A school recently approached me and asked my advice about whether it should be on Facebook, as the governing body was looking at ways to improve its communication with parents and the local community.

I said “no”.

It’s not because Facebook isn’t a fantastic communication platform. It is. And there are plenty of schools who do use it very successfully. But this school couldn’t answer some basic questions, such as “what information would you post on it?”, “what would users get from it?”, “who would manage it?”, etc.

Until they can come up with a clear plan, then there’s no point doing it.

To help them, I showed them an example of a small business that is using Facebook very successfully and, most importantly of all, is delivering on its key marketing objective – which in this case is generating new business enquiries directly leading to online sales.

The Facebook page in question is run by James, who has his own window blinds business.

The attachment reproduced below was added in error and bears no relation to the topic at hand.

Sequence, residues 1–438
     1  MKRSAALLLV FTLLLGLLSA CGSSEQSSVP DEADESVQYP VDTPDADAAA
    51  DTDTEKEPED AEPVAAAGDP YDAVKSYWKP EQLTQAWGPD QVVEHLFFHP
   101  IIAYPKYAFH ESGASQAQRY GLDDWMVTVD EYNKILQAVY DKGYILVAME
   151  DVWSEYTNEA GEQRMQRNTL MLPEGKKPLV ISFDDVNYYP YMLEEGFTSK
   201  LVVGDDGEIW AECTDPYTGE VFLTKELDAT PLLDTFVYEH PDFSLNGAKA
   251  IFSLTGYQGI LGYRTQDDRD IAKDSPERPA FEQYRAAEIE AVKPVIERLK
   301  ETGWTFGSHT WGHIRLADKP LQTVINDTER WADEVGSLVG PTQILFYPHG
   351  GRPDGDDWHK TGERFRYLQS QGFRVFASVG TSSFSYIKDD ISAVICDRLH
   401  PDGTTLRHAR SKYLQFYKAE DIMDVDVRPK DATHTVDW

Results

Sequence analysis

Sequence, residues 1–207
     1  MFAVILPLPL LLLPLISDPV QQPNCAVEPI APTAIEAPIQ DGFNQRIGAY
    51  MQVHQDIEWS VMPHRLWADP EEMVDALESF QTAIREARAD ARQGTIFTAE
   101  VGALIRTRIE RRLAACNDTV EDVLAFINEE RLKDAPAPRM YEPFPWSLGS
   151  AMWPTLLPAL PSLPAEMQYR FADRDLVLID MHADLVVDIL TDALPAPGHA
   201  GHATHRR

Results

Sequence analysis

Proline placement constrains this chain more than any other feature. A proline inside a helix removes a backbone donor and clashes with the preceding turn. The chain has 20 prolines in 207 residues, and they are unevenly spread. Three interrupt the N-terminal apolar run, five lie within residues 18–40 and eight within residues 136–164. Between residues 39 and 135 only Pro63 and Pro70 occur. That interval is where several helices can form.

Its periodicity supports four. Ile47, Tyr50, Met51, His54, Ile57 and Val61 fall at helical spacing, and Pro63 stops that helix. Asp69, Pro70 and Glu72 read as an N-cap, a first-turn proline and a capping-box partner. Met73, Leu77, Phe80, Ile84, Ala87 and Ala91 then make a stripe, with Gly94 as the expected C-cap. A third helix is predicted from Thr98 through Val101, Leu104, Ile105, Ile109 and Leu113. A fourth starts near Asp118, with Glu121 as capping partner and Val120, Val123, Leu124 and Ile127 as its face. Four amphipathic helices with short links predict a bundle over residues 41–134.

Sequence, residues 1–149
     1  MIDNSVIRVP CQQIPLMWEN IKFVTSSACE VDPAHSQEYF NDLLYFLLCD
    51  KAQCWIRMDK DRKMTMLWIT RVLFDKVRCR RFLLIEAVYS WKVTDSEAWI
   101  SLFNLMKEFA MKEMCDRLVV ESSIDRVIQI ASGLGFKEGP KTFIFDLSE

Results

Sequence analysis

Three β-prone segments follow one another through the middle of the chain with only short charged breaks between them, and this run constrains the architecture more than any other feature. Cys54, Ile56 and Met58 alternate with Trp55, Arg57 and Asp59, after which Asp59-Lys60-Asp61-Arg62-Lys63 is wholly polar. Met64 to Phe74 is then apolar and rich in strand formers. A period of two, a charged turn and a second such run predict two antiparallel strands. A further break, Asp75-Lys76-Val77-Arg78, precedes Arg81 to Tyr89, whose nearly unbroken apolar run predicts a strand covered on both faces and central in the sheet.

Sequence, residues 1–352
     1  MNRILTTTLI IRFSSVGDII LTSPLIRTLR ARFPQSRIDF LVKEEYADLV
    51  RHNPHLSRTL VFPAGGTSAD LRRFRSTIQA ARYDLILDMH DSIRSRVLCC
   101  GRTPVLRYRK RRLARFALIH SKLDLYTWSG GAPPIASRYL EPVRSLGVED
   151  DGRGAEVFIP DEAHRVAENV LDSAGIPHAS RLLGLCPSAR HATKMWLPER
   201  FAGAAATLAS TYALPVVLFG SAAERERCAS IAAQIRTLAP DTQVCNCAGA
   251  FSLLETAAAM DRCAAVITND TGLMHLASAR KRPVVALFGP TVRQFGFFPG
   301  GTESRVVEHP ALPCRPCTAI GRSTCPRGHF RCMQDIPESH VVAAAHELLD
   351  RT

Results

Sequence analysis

The reason why James’s Facebook page is such a success is that it is the cornerstone of his business. He:

  • introduces it into conversations with customers from the outset
  • posts exclusive Facebook offers that customers can only redeem if they like the page
  • posts lots of pictures of his work
  • gets customers to share posts

But, most of all, he’s excited about it. And it reflects the personality of his business, which, by the way, is very infectious and naturally draws people to his Facebook page.

Once the school saw how James runs his Facebook page, they could see why I suggested that the governors should have a clear vision and clarity about the day-to-day running of it before deciding whether or not to be on Facebook.

To quote the phrase, “Just because you can, doesn’t mean you should.”